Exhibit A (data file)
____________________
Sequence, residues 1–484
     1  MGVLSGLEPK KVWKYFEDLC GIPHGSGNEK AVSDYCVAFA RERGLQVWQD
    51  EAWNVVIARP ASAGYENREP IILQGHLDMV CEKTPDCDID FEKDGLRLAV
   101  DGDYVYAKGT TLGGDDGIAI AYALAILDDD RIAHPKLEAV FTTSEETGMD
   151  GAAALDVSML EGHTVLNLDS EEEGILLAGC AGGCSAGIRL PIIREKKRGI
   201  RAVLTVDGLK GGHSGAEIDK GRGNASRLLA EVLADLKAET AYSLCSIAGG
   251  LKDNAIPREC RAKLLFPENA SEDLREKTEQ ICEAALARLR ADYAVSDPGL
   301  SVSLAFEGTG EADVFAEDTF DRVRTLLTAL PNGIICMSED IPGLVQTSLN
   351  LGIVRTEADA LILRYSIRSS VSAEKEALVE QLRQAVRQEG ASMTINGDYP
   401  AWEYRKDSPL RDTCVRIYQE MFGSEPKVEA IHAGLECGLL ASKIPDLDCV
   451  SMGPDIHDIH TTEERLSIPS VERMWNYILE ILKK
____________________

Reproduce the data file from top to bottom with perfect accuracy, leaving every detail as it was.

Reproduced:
Sequence, residues 1–484
     1  MGVLSGLEPK KVWKYFEDLC GIPHGSGNEK AVSDYCVAFA RERGLQVWQD
    51  EAWNVVIARP ASAGYENREP IILQGHLDMV CEKTPDCDID FEKDGLRLAV
   101  DGDYVYAKGT TLGGDDGIAI AYALAILDDD RIAHPKLEAV FTTSEETGMD
   151  GAAALDVSML EGHTVLNLDS EEEGILLAGC AGGCSAGIRL PIIREKKRGI
   201  RAVLTVDGLK GGHSGAEIDK GRGNASRLLA EVLADLKAET AYSLCSIAGG
   251  LKDNAIPREC RAKLLFPENA SEDLREKTEQ ICEAALARLR ADYAVSDPGL
   301  SVSLAFEGTG EADVFAEDTF DRVRTLLTAL PNGIICMSED IPGLVQTSLN
   351  LGIVRTEADA LILRYSIRSS VSAEKEALVE QLRQAVRQEG ASMTINGDYP
   401  AWEYRKDSPL RDTCVRIYQE MFGSEPKVEA IHAGLECGLL ASKIPDLDCV
   451  SMGPDIHDIH TTEERLSIPS VERMWNYILE ILKK